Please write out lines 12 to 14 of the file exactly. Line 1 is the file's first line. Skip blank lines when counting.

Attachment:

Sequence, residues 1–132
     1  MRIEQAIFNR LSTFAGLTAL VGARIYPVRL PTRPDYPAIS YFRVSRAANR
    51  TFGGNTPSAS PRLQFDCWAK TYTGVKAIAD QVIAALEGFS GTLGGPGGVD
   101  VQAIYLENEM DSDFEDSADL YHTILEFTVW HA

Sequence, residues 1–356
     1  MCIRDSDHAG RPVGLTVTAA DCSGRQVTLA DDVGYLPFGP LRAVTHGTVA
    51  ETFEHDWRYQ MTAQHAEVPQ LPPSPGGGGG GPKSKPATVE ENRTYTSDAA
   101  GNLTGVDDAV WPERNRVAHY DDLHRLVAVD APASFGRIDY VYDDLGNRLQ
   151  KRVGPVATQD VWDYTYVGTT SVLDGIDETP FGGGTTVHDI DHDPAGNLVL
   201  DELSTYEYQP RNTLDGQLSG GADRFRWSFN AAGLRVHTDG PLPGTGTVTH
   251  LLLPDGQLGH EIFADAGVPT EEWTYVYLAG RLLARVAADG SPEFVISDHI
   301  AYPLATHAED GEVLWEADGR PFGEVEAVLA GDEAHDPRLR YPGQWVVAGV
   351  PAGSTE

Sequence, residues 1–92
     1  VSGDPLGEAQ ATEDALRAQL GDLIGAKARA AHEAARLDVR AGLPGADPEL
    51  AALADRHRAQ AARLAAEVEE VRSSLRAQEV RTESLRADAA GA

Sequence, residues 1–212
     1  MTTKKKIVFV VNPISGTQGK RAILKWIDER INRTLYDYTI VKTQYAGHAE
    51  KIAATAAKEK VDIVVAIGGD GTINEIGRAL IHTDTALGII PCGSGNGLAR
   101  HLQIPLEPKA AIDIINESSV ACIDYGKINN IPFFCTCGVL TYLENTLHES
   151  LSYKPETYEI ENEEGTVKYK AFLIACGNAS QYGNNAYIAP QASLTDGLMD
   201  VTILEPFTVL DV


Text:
   301  AYPLATHAED GEVLWEADGR PFGEVEAVLA GDEAHDPRLR YPGQWVVAGV
   351  PAGSTE

Sequence, residues 1–92